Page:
Editorial: Feds should let Michigan innovate
Obamacare waivers are needed to allow the unique Healthy Michigan program to continue serving 600,000 state residents
The Affordable Care Act faces enough trouble without placing at risk a health care program that works. Michigan’s response to Obamacare is working, and should be allowed to continue to serve 600,000 residents.
Healthy Michigan was the compromise solution Gov. Rick Snyder put in place after the state Legislature refused to approve a state insurance exchange as outlined by the Affordable Care Act’s requirements.
It allowed Michigan to use federal funds to expand Medicaid coverage to thousands more low-income residents. Most other states controlled by Republicans rejected both the state exchanges and the Medicaid expansion.
Healthy Michigan turned out to be a success, surpassing enrollment estimates. It also contains innovative features to encourage personal responsibility, proving the benefit of allowing states more room to craft health insurance programs outside the strict boundaries of Obamacare.
But because it didn’t stick strictly to the letter of the Affordable Care Act, Michigan needs a federal waiver to keep the program going, and the Centers for Medicare and Medicaid Services in Washington is balking. Unless the waiver comes, 600,000 Michiganians risk being tossed off Medicaid.
That threat comes at the same time a U.S. Supreme Court case challenges the legitimacy of giving insurance subsidies to residents of states that haven’t created their own exchanges. If the ruling goes against the Obama administration, it could effectively end the Affordable Care Act in its current form.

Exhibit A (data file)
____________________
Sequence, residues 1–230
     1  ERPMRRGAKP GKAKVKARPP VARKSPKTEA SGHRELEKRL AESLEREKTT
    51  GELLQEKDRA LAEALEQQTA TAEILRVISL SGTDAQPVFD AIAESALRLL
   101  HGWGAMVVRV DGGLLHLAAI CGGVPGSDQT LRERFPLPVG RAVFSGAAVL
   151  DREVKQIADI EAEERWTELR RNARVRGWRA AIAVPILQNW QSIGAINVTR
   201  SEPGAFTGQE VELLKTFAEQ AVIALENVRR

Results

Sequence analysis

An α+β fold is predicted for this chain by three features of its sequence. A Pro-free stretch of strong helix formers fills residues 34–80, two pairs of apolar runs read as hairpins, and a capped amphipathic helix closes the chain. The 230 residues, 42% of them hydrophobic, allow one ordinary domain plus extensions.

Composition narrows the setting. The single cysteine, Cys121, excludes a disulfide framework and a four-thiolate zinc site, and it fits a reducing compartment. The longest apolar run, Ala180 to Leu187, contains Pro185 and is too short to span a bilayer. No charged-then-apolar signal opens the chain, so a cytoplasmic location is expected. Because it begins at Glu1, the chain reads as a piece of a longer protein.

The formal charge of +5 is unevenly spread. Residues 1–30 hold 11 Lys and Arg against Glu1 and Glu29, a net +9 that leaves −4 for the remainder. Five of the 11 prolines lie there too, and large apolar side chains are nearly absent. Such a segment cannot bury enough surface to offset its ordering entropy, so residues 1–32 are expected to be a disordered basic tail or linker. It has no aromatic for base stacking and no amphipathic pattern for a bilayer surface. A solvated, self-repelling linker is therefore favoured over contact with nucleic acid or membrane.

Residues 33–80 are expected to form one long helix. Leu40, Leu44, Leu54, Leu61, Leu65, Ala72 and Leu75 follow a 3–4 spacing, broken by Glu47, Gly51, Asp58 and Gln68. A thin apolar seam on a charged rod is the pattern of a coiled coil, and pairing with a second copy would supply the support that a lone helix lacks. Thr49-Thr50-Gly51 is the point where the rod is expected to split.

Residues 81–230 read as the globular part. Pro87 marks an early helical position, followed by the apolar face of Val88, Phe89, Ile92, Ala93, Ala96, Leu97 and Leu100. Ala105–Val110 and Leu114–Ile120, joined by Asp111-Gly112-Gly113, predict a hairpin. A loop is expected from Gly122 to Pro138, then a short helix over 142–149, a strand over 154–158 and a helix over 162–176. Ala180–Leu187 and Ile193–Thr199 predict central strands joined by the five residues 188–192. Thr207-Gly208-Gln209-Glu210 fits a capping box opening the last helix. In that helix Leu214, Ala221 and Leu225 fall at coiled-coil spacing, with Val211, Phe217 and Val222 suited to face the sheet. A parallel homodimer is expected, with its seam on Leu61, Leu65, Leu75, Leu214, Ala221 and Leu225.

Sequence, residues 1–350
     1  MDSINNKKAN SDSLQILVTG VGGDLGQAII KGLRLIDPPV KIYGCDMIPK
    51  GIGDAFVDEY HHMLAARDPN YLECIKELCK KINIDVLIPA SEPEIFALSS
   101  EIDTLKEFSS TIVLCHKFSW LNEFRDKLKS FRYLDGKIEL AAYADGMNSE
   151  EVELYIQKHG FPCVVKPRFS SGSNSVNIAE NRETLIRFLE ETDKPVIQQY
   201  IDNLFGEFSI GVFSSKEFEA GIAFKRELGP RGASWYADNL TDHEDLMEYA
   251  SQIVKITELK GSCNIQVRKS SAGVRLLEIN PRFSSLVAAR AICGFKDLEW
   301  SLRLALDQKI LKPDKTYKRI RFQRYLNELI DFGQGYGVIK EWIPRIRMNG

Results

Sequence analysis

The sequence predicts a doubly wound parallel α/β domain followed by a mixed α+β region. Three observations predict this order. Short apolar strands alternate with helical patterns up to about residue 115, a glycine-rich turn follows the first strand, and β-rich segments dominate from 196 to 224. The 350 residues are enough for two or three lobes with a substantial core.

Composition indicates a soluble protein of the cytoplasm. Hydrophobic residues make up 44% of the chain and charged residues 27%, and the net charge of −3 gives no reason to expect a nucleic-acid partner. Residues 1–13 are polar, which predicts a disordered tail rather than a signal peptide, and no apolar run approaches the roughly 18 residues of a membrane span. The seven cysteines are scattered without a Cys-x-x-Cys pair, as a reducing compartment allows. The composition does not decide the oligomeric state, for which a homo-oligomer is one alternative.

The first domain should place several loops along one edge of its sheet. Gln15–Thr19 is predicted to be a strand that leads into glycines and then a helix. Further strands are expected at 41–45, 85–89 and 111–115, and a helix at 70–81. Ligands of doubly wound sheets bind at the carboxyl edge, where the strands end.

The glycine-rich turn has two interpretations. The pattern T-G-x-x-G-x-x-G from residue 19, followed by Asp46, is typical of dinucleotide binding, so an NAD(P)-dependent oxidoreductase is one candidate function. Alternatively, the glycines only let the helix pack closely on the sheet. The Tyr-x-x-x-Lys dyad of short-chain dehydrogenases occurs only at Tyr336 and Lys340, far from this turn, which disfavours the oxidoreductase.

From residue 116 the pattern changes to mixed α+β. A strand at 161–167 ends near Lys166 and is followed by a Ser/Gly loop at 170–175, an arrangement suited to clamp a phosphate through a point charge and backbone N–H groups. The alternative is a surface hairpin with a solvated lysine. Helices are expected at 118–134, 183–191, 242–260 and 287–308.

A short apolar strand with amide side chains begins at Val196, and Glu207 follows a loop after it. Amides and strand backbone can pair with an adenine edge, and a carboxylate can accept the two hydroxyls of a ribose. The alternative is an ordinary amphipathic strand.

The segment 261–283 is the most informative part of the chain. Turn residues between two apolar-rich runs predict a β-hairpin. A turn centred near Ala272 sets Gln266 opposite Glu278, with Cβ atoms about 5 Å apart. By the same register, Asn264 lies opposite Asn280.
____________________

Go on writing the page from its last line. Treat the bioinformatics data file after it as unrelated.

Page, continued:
So why court extra trouble?
Michigan’s solution works, and it is right for the state. The waiver is necessary to continue Michigan’s unique cost-sharing program, a key addition in getting the program narrowly through the Legislature in 2013.
The state program provides Medicaid coverage to residents with incomes between 100 percent and 133 percent of the poverty level, or roughly $12,000 for a single person.
It differs from federal guidelines in that it requires residents to share the cost of the coverage, a provision added by the Legislature to cushion the cost impact when the federal subsidies start phasing out in 2017. Michigan got a federal waiver to charge recipients 3-5 percent of their income for coverage, depending on their earnings. For a resident earning $12,000 a year, the contribution is $360 annually.
The second waiver requires recipients to make a choice after 48 months on the program to either purchase their own Obamacare policy or start contributing 7 percent of their income to remain on the Healthy Michigan plan. That exceeds the federal guideline capping contributions at 5 percent of income.
Skeptics predicted that the personal responsibility requirements of Healthy Michigan would discourage residents from enrolling.
But that prediction has proved untrue. The program is popular, and is meeting the needs of Michigan residents, while buffering the state somewhat from runaway costs.
Washington should not mess with Michigan’s success. It should issue the waivers Michigan needs to keep its residents healthy.